a sleep technologist looking at two large computer screens showing lots of data

What Does a Sleep Technologist Do?

You would be surprised at how many people think that all a sleep tech does is slap some wires on a patient and then just sit there, watching people sleep throughout shift until it’s time to take the wires back off.

Sleep technologists are medical professionals with a large amount of specific training and education.

Precisely placing wires to collect data

Those wires need to be precisely placed, requiring the technologist to actually mark, measure, and calculate the locations to accurately place electrodes proportionately to the size of each specific head shape of each individual patient in order to get the optimal signal of your brain activity.

How many leads you will have on can also vary depending on what the sleep technician has been told to look for. For example, they may need extra leads on your head if your doctor suspects a seizure disorder. Throughout the night, the technician will be monitoring at least 20+ leads/signals and analyzing what they mean.

The eyes and ears of the sleep physician

And they are not just monitoring your brain activity, but also your breathing, your oxygen levels, your heart rhythm, just to name a few things.

The sleep technologist works to get a clean, accurate recording for the sleep specialist, another medical professional, to review, and many of these professionals take great pride in doing just that.

The sleep technologists are the eyes and ears of the sleep physician, as they constantly put in notes to help the doctor know what is happening, when, and to help draw their attention to specific issues they notice as the study progresses.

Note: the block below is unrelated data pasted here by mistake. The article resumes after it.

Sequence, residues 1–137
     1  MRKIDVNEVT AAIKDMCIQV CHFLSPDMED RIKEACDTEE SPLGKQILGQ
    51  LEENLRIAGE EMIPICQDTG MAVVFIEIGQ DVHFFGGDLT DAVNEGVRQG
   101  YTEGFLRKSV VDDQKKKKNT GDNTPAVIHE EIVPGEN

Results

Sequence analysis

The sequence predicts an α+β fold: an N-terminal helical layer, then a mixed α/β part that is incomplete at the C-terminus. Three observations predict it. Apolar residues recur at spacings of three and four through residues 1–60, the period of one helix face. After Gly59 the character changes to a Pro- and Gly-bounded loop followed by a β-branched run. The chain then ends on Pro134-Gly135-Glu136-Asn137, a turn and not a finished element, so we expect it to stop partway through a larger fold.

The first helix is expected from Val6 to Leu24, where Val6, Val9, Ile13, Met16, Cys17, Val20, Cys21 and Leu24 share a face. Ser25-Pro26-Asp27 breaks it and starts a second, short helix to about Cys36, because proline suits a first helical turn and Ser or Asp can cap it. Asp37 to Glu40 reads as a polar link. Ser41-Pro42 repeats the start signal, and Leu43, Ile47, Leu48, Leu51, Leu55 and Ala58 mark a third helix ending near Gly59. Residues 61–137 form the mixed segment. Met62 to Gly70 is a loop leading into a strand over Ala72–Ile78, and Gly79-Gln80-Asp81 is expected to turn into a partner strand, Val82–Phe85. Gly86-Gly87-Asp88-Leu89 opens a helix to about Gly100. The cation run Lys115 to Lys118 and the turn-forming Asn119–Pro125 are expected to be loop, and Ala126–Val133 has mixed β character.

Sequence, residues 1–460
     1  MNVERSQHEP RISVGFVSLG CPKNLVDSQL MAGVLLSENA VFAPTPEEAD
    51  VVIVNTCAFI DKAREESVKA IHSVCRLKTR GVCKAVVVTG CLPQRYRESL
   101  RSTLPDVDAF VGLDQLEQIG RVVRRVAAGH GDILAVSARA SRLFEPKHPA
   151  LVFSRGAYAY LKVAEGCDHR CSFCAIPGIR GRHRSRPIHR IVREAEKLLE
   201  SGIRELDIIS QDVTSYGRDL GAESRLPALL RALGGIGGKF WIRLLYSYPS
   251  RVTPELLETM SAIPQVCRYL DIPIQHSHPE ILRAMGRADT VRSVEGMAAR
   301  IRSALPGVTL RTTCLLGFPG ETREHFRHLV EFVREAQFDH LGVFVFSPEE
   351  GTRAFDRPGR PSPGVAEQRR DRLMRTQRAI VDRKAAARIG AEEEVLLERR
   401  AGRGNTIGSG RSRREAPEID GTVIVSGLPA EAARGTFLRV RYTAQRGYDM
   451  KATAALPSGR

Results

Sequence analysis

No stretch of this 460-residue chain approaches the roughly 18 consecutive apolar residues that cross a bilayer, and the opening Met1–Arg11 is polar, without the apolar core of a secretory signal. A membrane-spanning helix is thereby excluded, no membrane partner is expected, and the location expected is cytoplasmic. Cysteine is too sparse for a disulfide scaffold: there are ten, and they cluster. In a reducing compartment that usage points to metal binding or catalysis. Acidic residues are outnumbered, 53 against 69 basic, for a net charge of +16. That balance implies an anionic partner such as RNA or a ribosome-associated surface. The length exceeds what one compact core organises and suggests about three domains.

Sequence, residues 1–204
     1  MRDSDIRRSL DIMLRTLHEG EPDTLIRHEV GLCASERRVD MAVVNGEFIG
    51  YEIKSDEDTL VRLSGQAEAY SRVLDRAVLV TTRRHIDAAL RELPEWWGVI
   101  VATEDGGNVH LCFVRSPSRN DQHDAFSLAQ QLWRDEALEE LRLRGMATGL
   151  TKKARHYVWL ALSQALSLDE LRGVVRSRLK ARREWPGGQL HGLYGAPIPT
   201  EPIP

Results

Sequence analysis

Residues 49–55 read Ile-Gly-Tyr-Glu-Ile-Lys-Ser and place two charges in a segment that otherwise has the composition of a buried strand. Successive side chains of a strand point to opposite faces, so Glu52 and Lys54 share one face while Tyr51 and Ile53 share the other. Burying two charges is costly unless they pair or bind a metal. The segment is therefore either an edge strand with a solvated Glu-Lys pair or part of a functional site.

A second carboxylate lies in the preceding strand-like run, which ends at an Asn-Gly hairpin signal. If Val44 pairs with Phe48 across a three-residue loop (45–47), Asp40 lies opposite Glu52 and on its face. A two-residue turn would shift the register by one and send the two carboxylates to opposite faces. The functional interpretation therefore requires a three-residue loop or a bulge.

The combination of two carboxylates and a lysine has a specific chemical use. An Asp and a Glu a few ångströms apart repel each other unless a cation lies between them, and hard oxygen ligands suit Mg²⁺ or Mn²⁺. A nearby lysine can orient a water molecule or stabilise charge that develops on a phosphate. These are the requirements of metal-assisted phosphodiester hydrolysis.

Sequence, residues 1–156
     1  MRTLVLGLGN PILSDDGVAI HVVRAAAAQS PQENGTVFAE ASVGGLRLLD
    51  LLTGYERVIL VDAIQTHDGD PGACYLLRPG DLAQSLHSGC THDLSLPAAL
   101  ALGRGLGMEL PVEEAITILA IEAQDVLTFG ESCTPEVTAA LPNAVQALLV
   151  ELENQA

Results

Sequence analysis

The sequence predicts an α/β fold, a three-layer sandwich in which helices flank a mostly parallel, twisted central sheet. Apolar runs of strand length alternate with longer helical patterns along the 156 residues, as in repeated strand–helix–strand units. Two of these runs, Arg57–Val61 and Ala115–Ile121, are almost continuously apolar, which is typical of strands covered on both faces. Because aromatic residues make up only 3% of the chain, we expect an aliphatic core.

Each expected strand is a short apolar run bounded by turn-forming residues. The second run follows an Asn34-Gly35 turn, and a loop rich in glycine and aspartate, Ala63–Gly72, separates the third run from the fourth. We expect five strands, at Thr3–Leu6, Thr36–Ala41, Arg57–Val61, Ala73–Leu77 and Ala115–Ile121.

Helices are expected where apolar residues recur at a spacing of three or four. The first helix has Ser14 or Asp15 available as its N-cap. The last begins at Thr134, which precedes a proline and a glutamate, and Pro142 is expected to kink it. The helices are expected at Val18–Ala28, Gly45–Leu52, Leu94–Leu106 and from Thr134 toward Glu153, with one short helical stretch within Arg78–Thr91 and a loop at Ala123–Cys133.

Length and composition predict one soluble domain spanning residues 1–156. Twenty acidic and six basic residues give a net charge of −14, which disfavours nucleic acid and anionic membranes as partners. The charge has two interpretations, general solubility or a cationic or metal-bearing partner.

No, they don't watch TV while you sleep

Most technologists are caring for 2 patients each night and doing routine charting every 30 minutes where they verify and supplement the data being collected. With 2 patients, that usually means the technologist is spending alternating 15-minute periods reviewing and writing on each patient throughout the night.

This doesn’t leave much time for watching TV, another thing that is frequently imagined to be part of the professional sleep technician’s job.

Patient education

Sleep technologists also do their best to educate the patient on the different kinds of sleep disorders that are out there. They talk to patients about issues concerning their sleep hygiene and habits.

They are also usually the first person to explain to a patient about sleep disorders, such as what obstructive sleep apnea is and how it is treated. They are the ones to first show a patient a mask, picking what they think the patient will do best with, and then working to find the best pressure for that patient to stabilize their breathing.

Daytime responsibilities

During the daytime, other sleep technologists work to take all the data that was collected, collate it, and produce comprehensive reports for the sleep physician to review along with the raw data that was obtained.

They, again, look over what the nighttime technologists have done, reviewing easily 800 to 1,000 pages of data, adding items or notes, giving a more global or overall review for the sleep physician to draw attention to issues they may see, supplementing what the night time technologist has done.

A dynamic, growing field

Being a sleep tech requires a lot of training and constant, continued education to be able to perform our jobs and to maintain our credentials. This is a field that is growing by leaps and bounds and technology has significantly changed and improved on what all we can test and how we test for different things.

All that said, we can tell if you are dreaming but no, we cannot tell what you are dreaming about.

By providing your email address, you are agreeing to our privacy policy.

This article represents the opinions, thoughts, and experiences of the author; none of this content has been paid for by any advertiser. The SleepApnea.Sleep-Disorders.net team does not recommend or endorse any products or treatments discussed herein. Learn more about how we maintain editorial integrity here.

Join the conversation

Please read our rules before commenting.